If your home is unoccupied, may be cost effective to hire a house sitter to fill the occupancy requirement of your homeowners’ insurance policy and give you peace of mind if something goes wrong. The perfect house sitter in a real estate agent’s mind, is one that only shows up late at night and leaves early in the morning – leaving the home easy to show to any potential home buyers during the day.

Selling a Vacant Home

Based on our research of the sales data for Portland, vacant homes are more likely to sell vacant. In fact, the success rate in 2019 was 8% higher for vacant homes than for owner-occupied homes, and 23% higher for vacant homes than for tenant-occupied homes. The reason for this boils down to convenience. Home buyers (and their agents) are busy; when they don’t have to schedule a home showing they are more likely to tour the home. 

Here are our tips for making your vacant home a successful sale:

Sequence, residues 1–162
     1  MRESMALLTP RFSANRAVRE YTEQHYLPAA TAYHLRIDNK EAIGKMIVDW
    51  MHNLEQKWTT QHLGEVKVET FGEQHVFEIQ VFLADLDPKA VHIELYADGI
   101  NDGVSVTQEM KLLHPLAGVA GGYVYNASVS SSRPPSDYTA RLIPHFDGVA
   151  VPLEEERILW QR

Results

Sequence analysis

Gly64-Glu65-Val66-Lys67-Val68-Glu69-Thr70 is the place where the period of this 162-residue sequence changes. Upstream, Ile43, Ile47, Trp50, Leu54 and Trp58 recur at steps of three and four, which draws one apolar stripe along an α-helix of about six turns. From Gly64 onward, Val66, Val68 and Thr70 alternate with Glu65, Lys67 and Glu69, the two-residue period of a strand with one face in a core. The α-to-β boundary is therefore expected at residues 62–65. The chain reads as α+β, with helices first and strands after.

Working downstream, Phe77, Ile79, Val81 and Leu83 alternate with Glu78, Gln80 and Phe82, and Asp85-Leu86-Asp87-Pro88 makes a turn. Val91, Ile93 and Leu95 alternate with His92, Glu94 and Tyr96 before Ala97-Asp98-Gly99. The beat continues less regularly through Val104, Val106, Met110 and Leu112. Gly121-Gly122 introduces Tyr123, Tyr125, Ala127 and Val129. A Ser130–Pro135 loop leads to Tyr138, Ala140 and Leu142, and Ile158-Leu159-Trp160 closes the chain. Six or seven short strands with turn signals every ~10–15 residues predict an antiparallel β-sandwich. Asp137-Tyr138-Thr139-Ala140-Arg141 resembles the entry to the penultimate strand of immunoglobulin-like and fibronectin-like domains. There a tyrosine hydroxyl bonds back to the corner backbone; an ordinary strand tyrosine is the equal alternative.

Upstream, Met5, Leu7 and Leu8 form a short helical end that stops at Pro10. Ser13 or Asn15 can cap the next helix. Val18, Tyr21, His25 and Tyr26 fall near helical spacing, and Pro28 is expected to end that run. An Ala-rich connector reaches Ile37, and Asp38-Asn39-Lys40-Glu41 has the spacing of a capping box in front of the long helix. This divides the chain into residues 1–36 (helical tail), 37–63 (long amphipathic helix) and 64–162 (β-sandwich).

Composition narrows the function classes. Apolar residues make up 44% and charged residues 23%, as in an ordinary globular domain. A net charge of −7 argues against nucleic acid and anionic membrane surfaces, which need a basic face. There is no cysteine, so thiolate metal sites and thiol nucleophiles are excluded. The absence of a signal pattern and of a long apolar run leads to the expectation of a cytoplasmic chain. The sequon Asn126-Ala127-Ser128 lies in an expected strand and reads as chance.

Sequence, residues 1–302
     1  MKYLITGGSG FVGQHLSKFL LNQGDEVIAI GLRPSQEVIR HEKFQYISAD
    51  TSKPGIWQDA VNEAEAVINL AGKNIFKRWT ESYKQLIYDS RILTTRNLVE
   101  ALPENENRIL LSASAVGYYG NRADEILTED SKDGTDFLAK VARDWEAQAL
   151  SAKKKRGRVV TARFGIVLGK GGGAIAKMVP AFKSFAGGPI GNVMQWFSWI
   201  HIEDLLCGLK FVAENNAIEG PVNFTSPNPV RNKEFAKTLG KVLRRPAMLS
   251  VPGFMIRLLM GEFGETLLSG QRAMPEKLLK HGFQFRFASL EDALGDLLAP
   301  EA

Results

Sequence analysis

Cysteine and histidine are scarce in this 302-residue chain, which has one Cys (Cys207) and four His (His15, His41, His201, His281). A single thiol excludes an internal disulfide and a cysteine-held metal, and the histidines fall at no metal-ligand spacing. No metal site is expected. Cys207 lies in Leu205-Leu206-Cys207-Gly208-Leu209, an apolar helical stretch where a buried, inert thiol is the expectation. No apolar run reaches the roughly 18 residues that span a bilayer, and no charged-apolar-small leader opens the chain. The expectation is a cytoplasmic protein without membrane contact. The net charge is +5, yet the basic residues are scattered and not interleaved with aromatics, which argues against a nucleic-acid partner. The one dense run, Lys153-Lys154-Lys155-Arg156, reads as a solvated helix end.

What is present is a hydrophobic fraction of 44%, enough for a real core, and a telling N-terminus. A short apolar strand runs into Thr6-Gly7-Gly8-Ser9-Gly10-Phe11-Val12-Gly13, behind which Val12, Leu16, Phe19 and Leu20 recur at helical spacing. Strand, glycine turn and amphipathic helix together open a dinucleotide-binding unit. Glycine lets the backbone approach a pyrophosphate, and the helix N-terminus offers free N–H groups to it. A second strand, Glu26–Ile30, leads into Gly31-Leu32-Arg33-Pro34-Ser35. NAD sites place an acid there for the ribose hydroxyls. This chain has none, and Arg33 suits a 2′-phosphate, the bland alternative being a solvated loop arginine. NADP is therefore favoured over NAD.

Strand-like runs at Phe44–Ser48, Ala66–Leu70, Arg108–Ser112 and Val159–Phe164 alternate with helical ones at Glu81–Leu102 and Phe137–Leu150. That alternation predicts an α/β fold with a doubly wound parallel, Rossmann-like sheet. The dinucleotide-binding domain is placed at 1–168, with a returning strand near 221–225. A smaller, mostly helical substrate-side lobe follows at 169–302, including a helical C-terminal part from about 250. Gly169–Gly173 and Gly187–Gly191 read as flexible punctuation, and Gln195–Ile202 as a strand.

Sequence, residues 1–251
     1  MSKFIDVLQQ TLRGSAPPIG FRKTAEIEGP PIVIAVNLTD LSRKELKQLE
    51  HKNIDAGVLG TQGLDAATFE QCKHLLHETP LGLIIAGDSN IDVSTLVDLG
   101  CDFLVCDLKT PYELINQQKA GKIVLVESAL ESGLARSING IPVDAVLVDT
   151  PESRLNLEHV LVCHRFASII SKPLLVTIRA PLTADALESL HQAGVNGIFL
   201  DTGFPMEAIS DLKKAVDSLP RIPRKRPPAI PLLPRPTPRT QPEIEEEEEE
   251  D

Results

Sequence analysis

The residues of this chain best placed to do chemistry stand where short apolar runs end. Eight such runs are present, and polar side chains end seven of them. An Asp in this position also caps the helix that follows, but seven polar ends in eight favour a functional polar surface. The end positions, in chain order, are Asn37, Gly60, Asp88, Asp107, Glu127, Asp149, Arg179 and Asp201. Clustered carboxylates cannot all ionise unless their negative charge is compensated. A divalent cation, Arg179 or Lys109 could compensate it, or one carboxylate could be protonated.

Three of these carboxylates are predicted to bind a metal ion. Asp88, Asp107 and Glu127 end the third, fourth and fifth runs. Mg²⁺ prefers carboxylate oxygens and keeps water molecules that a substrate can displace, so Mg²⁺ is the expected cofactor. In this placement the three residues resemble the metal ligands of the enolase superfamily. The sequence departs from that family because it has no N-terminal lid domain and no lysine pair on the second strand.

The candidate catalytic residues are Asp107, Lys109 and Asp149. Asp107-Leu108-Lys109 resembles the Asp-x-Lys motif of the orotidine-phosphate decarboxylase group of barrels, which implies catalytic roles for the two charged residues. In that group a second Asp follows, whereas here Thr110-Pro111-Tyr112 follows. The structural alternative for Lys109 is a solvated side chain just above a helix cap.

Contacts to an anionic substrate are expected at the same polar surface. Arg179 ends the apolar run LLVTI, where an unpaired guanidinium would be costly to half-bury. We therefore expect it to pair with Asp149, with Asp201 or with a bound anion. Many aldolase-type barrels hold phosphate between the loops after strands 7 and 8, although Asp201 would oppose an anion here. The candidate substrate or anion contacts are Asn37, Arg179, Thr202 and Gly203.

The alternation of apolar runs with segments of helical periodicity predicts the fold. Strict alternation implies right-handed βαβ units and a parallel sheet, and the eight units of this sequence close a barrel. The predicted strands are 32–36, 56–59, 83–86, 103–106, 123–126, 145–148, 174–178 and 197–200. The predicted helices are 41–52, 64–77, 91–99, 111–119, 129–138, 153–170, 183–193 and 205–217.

• It’s extra important for vacant homes to be cleaned thoroughly, with minor repairs taken care of. With no furniture or art to distract from flaws, buyers will hone in on them.
  • Minimize tracked-in dirt. Provide a box of disposable booties at the door for visitors to easily slip over their shoes. Large entry mats are another option to catch dirt before it gets tracked into the house. Especially in rainy Portland winters, the floors of vacant homes get mucked up pretty quickly without some preventative measures.
  • As we mentioned before, program the thermostat to warm the house up during showing hours (morning until evening). A programmable thermostat can be purchased for as little as $30, and your buyers will feel much more comfortable hanging around to fall in love with your home if they’re not freezing.
  • Take some steps to define the space by staging. Though there’s an argument that buyers can more easily see themselves in the home without all your stuff in the way, they also need a little help understanding the function of each room, especially in open floor plan homes. Make suggestions with a few pieces of furniture centered around focal points. For more on home staging, read our full article.

Want more home selling tips? Our top 1% sellers agents are here to help. 

December 4, 2020
AUTHOR

Stephen FitzMaurice

Stephen FitzMaurice, Realtor is a top 5% real estate agent in the U.S. and a top 1% agent in the Portland Metro. Principal Broker in Oregon, Managing Broker in Washington he has been licensed since 2003 for residential real estate sales. Call him direct: 503-714-1111 for Oregon or 360-470-7777 for Washington.